Sunday, December 2, 2007

the flaw in the skein

Hmm I know this is a blog devoted to context and in that light I suppose I shall chalk this up to a small peek at my religious views since these comments sprang from them. Still I apologize for those expecting more baby sloth pictures. so adorable!! Also as a note to Andy and DJraindog, I attempt this only as a outsider trying to use your reason to justify your own beliefs and I think you are both fine men, whose blogs i have long bookmarked. Andy's more than DJ's.

Okay context, it started with Dagon posting pictures from the creationist museum and led to a comment by Andy and DJRaindog both nice enough fellows who are as I later term "philosophical christians" Their logic is thus, Each realizes that the bible if read literally or as direct divine transcription can lead to a host of issues not the least of which several apostles condemning homosexuality, and the old testaments instructions to stone them, right after admonishing people not to eat shellfish. Thus they each create a mental framework in an attempt to justify their faith regardless of the inconsistency of their belief in the book that spawned the religion. To cruelly paraphrase, neither is willing to stake their lives to the truth of the written word, but both of them are willing to risk their eternal souls to it's murky guidance.
Andy begins his logical shenanigans by declaring the bible, "false but accurate" both inherently true and yet not to be taken literally. He declares, "There are limitless riches in the text of Genesis, all of which are cheapened and reduced to complete rubbish by this discussion of whether they are "true" in a scientific sense" . I take it they are cheapened because they are examined and tested? What moral code shouldn't be? To him these lessons are true in a moral way. So when faced with a flood that will wipe out your species except for your family, it is important to stick to your religious convictions and let your fellow man drown. This is a moral lesson? When man attempts to reach for divinity such as in the story of the Tower of Babel, it is God's duty to confuses them and keep them from reaching by inflicting them with broken languages that lead to war and conflict. This is a moral lesson? When dealing with your older brother whom you loathe you should trick him into giving you his birthrights. This is a moral lesson? I'm sorry but if this is the moral lesson than I can do the same on my own without tying myself to an ancient and confused moral code that doesn't accept me.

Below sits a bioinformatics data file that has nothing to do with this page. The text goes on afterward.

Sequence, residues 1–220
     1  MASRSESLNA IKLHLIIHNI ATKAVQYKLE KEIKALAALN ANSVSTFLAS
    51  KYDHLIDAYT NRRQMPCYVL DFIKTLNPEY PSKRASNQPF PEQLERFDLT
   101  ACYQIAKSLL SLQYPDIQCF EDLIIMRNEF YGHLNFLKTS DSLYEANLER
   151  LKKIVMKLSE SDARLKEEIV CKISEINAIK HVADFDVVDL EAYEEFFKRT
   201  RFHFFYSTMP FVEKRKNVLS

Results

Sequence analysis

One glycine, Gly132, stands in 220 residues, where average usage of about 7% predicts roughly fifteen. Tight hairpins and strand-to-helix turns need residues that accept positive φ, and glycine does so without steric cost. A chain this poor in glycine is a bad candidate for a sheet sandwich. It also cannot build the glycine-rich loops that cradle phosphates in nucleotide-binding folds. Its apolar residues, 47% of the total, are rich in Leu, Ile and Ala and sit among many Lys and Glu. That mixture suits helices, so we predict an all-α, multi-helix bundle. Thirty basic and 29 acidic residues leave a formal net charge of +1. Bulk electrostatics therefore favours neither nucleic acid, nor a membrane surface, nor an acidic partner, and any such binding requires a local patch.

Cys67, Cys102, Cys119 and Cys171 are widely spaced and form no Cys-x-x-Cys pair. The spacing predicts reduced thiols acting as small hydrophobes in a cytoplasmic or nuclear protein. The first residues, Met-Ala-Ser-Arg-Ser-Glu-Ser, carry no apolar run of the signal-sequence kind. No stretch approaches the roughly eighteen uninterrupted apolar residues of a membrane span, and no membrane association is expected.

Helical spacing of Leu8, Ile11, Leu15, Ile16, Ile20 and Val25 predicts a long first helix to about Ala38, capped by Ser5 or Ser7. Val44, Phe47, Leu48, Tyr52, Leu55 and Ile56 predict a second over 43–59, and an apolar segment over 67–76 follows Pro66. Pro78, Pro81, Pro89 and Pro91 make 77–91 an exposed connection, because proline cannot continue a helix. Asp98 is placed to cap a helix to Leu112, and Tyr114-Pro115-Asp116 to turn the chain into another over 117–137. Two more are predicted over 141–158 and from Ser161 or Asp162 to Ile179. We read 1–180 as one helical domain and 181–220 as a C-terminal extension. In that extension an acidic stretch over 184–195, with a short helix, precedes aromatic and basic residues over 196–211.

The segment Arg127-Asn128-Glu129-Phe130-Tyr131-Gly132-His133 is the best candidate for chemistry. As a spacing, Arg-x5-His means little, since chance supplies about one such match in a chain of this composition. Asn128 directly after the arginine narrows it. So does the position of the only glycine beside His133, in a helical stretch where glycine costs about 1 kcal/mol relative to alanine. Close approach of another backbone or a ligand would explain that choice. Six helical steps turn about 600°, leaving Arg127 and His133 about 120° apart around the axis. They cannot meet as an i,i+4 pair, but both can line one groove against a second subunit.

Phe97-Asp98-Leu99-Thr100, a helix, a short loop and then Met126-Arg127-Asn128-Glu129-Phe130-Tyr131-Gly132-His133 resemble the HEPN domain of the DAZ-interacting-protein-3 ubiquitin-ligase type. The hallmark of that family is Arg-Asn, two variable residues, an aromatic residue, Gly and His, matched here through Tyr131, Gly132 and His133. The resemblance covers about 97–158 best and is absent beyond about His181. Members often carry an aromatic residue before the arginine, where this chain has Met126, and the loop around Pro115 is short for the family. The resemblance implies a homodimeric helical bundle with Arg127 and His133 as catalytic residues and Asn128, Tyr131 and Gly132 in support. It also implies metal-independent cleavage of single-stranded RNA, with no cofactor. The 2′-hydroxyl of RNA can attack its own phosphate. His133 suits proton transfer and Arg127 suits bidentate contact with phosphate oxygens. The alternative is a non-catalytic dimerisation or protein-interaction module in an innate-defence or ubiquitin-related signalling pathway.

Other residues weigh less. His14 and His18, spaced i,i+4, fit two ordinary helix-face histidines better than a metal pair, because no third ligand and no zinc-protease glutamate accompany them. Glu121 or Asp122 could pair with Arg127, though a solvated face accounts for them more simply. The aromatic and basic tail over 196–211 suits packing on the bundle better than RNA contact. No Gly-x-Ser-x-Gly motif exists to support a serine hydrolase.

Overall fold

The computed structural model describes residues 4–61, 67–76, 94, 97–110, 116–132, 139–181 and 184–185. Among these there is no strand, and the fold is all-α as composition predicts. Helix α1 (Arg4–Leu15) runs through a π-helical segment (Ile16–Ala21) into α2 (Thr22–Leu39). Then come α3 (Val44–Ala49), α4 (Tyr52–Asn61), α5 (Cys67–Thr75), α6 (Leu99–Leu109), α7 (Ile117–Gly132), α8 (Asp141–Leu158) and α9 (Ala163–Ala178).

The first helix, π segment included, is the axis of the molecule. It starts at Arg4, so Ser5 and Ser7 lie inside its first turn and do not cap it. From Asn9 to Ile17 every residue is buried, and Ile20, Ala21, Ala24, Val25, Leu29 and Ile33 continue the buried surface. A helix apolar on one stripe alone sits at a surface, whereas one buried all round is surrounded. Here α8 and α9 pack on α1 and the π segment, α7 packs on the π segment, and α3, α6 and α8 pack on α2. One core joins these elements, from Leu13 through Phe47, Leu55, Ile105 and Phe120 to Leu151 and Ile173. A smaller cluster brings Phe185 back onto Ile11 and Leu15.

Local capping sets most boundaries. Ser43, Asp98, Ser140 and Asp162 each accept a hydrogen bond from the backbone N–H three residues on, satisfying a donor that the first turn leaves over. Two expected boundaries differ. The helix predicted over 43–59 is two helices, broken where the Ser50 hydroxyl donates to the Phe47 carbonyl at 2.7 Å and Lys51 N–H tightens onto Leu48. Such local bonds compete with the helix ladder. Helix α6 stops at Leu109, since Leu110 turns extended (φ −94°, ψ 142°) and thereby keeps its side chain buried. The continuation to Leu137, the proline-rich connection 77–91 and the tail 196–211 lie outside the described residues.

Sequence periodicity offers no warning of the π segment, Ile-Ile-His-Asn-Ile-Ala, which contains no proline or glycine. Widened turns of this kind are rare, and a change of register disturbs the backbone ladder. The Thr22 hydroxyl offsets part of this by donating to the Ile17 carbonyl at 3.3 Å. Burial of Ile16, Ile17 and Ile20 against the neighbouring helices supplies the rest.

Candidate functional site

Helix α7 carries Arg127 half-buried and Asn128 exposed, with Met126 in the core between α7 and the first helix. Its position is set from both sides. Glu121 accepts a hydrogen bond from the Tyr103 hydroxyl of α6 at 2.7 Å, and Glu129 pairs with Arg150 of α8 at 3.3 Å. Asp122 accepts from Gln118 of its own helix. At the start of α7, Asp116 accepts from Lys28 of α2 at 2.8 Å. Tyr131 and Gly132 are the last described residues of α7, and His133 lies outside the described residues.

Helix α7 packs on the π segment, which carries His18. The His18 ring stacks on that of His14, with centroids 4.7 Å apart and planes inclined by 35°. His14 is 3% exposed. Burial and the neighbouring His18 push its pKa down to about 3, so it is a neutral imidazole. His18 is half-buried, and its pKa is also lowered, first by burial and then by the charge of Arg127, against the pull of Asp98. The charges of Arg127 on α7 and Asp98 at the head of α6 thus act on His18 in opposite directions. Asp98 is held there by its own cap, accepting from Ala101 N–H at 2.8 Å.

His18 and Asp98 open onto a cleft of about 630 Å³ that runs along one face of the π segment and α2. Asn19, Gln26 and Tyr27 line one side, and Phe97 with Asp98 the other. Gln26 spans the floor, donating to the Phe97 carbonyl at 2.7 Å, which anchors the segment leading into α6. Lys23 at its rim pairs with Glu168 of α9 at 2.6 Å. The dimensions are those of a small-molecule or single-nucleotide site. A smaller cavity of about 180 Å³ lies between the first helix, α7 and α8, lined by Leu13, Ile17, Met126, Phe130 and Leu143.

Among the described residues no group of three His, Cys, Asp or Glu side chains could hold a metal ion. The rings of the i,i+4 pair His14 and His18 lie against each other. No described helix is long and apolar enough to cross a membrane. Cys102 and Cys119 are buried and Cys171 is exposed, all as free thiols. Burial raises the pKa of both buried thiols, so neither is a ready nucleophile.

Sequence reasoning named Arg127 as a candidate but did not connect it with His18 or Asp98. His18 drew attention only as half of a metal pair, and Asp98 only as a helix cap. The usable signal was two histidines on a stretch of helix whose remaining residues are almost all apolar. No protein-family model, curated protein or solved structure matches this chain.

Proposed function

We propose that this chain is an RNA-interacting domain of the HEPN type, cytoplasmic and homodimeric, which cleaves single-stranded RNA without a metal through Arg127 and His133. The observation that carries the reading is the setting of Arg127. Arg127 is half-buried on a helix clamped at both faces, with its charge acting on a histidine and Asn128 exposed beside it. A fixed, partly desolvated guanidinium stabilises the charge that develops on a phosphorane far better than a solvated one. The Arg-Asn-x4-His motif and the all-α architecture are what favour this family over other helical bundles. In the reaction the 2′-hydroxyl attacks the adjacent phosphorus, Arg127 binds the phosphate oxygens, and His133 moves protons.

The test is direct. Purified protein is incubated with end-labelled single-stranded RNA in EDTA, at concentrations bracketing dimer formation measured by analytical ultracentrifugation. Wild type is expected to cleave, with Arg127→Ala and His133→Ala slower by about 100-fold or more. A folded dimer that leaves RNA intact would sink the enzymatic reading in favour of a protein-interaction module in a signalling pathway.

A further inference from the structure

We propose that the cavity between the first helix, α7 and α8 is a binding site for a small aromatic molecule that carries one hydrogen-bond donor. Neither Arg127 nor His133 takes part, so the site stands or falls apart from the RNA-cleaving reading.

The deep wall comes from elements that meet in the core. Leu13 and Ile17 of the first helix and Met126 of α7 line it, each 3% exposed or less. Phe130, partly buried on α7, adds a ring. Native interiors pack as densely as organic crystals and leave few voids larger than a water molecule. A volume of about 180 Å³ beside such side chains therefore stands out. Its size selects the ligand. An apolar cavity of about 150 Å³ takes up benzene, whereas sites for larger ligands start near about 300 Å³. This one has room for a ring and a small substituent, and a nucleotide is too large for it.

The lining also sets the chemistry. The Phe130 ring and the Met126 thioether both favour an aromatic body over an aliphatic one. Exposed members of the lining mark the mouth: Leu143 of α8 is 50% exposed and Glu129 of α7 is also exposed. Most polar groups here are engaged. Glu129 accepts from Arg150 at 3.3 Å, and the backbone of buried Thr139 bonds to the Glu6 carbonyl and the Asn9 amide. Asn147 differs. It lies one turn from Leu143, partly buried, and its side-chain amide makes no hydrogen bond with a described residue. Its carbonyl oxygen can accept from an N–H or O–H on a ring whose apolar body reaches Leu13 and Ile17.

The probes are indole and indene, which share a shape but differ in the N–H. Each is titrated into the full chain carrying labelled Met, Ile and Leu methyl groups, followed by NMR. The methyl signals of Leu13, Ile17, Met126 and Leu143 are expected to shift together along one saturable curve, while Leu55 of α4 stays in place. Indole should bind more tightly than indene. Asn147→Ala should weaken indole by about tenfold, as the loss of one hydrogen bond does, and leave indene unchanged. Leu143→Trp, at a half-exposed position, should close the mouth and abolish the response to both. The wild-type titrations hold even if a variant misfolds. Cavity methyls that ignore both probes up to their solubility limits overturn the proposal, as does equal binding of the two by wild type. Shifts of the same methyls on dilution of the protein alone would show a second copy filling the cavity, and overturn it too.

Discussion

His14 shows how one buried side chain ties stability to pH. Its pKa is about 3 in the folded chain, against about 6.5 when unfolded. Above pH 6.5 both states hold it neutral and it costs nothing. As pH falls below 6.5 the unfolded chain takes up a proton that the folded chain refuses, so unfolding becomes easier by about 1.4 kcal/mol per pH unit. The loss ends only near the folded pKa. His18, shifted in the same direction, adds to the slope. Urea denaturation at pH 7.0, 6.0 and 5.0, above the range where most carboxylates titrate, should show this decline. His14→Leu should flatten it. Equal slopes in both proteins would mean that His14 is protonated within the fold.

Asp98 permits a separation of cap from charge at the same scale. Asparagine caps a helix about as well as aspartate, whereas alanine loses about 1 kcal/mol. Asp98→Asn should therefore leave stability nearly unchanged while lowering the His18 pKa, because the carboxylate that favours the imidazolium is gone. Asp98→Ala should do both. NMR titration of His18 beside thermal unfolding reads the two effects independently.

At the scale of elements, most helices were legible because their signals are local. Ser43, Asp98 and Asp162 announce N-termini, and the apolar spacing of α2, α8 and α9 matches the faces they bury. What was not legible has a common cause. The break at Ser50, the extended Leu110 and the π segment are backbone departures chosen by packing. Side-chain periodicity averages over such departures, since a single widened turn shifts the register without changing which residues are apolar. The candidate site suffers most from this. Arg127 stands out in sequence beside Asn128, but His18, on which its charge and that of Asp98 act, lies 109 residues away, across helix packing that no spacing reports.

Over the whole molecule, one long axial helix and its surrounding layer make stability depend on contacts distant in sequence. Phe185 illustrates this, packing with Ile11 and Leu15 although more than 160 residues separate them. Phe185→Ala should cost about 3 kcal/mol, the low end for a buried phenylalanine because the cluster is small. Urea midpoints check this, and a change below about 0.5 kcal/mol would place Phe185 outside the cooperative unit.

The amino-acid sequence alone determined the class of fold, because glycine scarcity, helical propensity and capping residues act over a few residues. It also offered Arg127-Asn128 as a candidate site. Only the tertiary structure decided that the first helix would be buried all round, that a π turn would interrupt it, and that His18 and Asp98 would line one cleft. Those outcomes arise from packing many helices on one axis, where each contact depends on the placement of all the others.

DJraindog starts a similar thought by also declaring the followers of Jesus that don't see the Word as he does, false Christians, thereby trying to wash his hands of their attempts at religious understand, and defiantly NOT accepting that the Word might be the problem and easily given to any number of definitions. DJ claims that his higher education allows him to properly understand the word unlike the billions of others who might have read it and got a different idea. He admonishes these others , "I'm doing the same, but I actually have a substantial education. I would suggest that if they want to make sense of these fractured disciplines, they should get their facts from well-established and well-respected scientists, historians, and theologians". Like perhaps the Pope? Ahh but these are Anglicans! to hell with the Pope he can't be right (haha just a little joke guys). They will attempt to explain the stories as moral parables that teach us lessons, but as I mentioned earlier these are sad sad moral lessons.